Wednesday, 27th August, 2014

  • 03:43 PM - Li Shenron mentioned keterys in post Encounter XP # of Monster Multiplying
    ...PKs? Or the guy who couldn't get through Dragon Queen because there aren't enough rests between fights? Yes but are these estimation correct, or even reasonable? I hope they are, but in this thread it's being pointed out that if you don't have monsters of similar CR (or close enough), strange things happen quickly to those estimations. Indeed even the possible results of the estimations are pretty vague since the start: easy, moderate, hard, deadly... do beginners DM understand what "deadly" means? I am neither an expert nor a beginner DM, and yet I can see multiple meanings associated to the expression "deadly encounter"! What I mean to say is, guidelines are useful if they are (1) easy to understand, (2) easy to apply and (3) yield reasonably reliable results. If the bottom line is that "you have to eyeball", then having a whole page you need to read twice to understand, and a table with presumption of being mathematical, is becoming useless. That's why I agree with Agamon at keterys that "less numbers and more words" would do a better favor to a DM.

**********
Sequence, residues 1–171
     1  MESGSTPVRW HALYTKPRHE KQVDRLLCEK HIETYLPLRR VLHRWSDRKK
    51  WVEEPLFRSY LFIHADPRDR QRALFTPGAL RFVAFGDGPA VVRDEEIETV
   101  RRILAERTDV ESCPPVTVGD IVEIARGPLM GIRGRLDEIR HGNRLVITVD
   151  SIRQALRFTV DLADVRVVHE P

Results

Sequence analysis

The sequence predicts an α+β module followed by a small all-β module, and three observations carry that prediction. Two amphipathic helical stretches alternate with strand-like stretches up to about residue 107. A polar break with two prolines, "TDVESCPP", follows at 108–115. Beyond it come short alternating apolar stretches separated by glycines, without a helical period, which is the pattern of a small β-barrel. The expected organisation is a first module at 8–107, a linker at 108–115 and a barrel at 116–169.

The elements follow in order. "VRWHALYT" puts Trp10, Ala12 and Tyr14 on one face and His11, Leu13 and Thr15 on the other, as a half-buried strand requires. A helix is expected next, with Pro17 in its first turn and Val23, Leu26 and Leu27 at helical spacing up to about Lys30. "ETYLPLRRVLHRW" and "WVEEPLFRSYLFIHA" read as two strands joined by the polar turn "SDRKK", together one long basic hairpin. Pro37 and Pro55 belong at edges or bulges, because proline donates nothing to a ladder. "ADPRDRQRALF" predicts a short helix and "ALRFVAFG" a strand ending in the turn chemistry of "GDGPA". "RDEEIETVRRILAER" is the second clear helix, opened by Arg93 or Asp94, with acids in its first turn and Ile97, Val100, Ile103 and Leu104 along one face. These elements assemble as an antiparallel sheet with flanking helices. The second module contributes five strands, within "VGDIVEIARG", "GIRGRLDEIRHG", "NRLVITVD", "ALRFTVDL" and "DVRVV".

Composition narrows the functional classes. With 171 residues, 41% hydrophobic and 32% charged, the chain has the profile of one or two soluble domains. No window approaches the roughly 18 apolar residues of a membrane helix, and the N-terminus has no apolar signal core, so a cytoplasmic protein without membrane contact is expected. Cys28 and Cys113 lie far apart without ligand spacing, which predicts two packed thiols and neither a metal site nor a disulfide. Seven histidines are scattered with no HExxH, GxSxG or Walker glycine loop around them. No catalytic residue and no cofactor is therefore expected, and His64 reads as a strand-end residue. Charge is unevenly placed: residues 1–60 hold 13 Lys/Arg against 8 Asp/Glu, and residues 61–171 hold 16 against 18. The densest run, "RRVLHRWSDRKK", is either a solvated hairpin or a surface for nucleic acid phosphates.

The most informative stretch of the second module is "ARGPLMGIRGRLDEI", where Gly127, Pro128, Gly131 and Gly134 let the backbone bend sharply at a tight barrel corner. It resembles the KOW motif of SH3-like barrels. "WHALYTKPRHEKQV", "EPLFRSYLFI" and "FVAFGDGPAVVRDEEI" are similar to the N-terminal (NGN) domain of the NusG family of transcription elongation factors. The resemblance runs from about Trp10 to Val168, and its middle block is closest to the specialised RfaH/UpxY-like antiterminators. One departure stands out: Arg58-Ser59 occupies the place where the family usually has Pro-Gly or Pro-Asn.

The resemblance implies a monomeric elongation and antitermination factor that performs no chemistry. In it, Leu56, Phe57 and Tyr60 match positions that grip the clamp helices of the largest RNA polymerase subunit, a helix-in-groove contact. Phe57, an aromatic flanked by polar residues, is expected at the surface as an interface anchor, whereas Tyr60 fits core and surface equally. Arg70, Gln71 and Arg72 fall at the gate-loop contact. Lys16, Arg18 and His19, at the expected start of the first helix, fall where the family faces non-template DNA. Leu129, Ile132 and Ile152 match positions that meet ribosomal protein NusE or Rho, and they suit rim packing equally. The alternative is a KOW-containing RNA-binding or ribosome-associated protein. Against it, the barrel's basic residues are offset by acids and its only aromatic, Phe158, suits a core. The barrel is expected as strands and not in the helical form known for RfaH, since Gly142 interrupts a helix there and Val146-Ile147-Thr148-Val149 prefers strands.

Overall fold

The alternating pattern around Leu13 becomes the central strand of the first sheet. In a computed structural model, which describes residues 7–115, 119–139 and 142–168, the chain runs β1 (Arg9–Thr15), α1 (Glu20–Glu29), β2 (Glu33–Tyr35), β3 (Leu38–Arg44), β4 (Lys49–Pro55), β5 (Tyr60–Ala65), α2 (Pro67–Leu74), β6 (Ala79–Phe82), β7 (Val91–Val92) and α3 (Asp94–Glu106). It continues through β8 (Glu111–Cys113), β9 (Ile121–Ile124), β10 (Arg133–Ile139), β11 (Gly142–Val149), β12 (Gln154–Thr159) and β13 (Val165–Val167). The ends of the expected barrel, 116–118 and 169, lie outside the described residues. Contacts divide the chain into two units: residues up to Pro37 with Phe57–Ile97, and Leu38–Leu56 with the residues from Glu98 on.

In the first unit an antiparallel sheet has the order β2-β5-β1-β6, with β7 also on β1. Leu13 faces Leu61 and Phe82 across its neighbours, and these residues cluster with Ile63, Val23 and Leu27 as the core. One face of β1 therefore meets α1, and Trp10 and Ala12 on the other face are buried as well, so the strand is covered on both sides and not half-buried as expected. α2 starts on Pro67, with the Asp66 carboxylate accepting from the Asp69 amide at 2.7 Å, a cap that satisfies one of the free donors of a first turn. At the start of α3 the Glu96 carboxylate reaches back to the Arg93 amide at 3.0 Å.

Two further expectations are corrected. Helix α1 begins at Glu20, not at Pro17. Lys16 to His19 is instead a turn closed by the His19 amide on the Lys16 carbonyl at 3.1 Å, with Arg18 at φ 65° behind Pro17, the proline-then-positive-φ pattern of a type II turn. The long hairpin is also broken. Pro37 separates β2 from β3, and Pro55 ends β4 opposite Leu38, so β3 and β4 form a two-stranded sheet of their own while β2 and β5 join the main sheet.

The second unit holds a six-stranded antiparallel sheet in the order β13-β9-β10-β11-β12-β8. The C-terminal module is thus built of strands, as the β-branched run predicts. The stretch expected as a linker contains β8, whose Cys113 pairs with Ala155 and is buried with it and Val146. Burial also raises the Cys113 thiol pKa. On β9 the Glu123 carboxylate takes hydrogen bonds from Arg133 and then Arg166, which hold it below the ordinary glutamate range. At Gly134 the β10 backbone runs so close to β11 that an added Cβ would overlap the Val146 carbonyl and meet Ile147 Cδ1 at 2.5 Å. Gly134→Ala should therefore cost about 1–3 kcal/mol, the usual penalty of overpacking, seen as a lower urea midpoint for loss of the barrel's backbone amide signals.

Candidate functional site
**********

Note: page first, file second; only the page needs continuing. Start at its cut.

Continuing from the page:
Tuesday, 19th August, 2014